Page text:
Mummy’s Shroud, The (1967)

The Mummy's Shroud (1967)

Beware the beat of the cloth-wrapped feet

In 1920, an archaeological expedition discovers the tomb of an ancient Egyptian child prince. Returning home with their discovery, the expedition is keen to prove their original theory that another mummy found is not that of the prince but just his mummified bodyguard who was given the bracelet of the Pharoah by the dying child. The expedition members soon find themselves being killed off by the mummy when a guardian of the tomb reads off the prince’s burial shroud to bring it to life.

 

Hammer’s third entry into it’s mummy series is probably the weakest of the bunch. I mean mummy films have never exactly been anything special – in fact they’re all virtually the same. Someone finds a tomb, defies a warning not to go in, brings home some relics and is soon killed off by a mummy for desecrating the tomb. Much like having Dr Frankenstein create another monster or getting Dracula to terrorize a few nubile young women, there is only so much you can do with a slow, lumbering monster wrapped in bandages. I guess there is a certain comfort zone in watching the same thing time after time. Hammer’s foray into this repetitive sub-genre have been decent, if somewhat flat. You can clearly tell that the budgets that their horror films were getting were beginning to dry up and instead of improving on previous installments with better effects, the mummy films seem to get worse. Case in point is The Mummy’s Shroud.

The Mummy’s Shroud is typical of the Hammer film – lavish sets, vivid colours, haunting music, etc. But they’re pretty unremarkable in that little happens in them that hasn’t happened in other films. No attempt is even made to differentiate this one from the other mummy films. In fact many elements of the film seem to have got worse from the previous installment, notably the villain of the title. The mummy here looks pretty feeble – it’s more like a scarecrow with a cheesy grin on it’s face. It doesn’t have the same powerful presence as the previous mummies and isn’t as scary as a result. However given the origins of the mummy via the plot this could be forgiven for most of the time (I’m guessing that the dying bodyguard wouldn’t have been able to afford a proper mummification nor have the tools to do it, hence the reason he looks cheaper). He also takes some time to get motivated as well so be prepared for plenty of dialogue in the run up to his carnage.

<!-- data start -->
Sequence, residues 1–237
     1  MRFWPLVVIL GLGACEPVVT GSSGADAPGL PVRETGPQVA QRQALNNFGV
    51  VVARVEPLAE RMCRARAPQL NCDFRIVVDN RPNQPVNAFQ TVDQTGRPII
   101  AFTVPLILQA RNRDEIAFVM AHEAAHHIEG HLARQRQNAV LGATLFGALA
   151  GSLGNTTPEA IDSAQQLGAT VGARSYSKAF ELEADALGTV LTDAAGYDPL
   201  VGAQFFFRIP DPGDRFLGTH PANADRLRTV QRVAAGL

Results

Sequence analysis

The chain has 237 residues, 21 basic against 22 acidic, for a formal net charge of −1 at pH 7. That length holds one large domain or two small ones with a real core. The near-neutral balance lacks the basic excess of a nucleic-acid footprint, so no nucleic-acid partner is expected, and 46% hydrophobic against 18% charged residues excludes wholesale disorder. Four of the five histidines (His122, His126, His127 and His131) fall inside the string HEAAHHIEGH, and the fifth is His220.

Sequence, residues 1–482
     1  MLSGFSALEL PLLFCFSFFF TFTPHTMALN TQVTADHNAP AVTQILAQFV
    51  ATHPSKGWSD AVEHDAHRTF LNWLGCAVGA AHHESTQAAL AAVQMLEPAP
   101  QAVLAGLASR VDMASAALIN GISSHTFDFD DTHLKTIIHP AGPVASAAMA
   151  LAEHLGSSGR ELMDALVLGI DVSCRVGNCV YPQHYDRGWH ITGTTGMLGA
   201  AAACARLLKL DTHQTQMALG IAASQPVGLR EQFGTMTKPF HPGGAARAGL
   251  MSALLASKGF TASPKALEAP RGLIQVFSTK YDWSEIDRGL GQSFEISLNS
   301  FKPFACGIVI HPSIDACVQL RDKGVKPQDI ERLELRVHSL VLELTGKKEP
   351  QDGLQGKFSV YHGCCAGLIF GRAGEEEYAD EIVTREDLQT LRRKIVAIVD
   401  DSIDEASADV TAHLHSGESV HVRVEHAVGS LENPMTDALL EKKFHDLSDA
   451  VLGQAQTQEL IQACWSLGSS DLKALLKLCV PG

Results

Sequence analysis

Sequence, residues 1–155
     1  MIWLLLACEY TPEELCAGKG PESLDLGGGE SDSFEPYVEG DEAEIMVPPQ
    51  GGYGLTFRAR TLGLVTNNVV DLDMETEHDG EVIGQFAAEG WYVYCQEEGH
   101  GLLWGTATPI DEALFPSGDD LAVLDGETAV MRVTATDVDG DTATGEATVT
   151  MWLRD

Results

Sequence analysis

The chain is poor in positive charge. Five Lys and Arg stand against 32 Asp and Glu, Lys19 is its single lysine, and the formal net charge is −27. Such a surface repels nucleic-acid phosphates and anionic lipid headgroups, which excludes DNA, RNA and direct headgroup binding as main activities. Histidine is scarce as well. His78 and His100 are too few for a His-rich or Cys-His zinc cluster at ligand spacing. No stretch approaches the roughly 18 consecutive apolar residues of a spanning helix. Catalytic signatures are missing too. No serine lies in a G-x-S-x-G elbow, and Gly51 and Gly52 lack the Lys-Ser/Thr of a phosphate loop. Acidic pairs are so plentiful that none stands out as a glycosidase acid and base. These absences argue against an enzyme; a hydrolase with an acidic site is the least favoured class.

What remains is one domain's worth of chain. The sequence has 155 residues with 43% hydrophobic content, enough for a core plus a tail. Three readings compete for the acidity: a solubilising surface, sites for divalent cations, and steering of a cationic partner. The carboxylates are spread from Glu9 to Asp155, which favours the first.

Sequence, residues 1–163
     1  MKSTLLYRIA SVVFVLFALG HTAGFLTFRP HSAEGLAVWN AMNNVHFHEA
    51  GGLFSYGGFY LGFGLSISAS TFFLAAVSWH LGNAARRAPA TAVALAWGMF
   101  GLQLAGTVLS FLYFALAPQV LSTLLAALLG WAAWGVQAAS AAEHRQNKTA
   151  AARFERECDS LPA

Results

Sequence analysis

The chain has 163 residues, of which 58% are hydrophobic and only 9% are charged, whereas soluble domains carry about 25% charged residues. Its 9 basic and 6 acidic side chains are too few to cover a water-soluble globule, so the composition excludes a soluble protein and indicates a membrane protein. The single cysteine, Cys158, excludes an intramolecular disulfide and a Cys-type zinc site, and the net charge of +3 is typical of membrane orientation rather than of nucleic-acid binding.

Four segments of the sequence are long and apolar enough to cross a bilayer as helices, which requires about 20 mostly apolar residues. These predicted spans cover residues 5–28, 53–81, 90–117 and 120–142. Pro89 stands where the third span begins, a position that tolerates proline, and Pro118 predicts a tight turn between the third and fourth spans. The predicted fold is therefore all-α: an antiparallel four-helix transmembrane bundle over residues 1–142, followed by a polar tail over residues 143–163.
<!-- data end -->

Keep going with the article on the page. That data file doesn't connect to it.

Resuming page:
The pacing of the film is very deliberate which is pretty much my polite way of saying it’s slow as hell. Everyone involved from the director, the writer to the actors just seem to be running through the motions. There’s no rush. No one is in a hurry. It’s almost as if everyone is standing around waiting for something to happen. At least Don Banks also gives us a classical flavoured Egyptian musical score which helps the film along. Say one thing about the Hammer films and that’s no matter how poor the film’s may have been, the music was always top drawer.

Semi-regular Hammer actor AndrĂ© Morell is given top billing and much like I stated in my review for The Plague of Zombies, Morell’s acting ability makes him a very good lead role. It’s the sort of role that the likes of Peter Cushing can play in their sleep but it’s nice to see someone else get their turn in the spotlight. Unfortunately his screen presence is cut tragically short which means the film looks for someone else to fill the shoes of the main hero and no one else is able to match up to his talent. I think the bonus of the film is seeing Hammer regular Michael Ripper actually get a reasonably meaty role for a change. This guy was in more Hammer films than anyone, usually playing small roles such as innkeepers or coach drivers. Here he is given a lot more to do and it’s for the best because he’s a joy to watch as Longbarrow and is easily the most sympathetic person in the film. After all of the abuse he puts up with from his boss, he still gets killed in horrible fashion by the mummy. Poor bloke.

Roger Delgado takes over the token evil Egyptian role. Fans of British TV and film will recognise him as The Master from Doctor Who and the role here is no different as he’s in “moustache-twirling” villain mode. But there’s just a real sense of ‘been there, done that six times before’ and we have. Between Hammer and Universal, they pretty much covered all of the possible mummy bases.

 

The Mummy’s Shroud was the last of Hammer’s films to be shot at Bray Studios, marking the end of a sixteen year association. It’s a shame they couldn’t have ended on high instead of this rather unoriginal and downright tiresome mummy film. Dull, uninspiring and lazy at times, The Mummy’s Shroud won’t go down as one of their better efforts.

 

 ★★★★★☆☆☆☆☆ 

 

 

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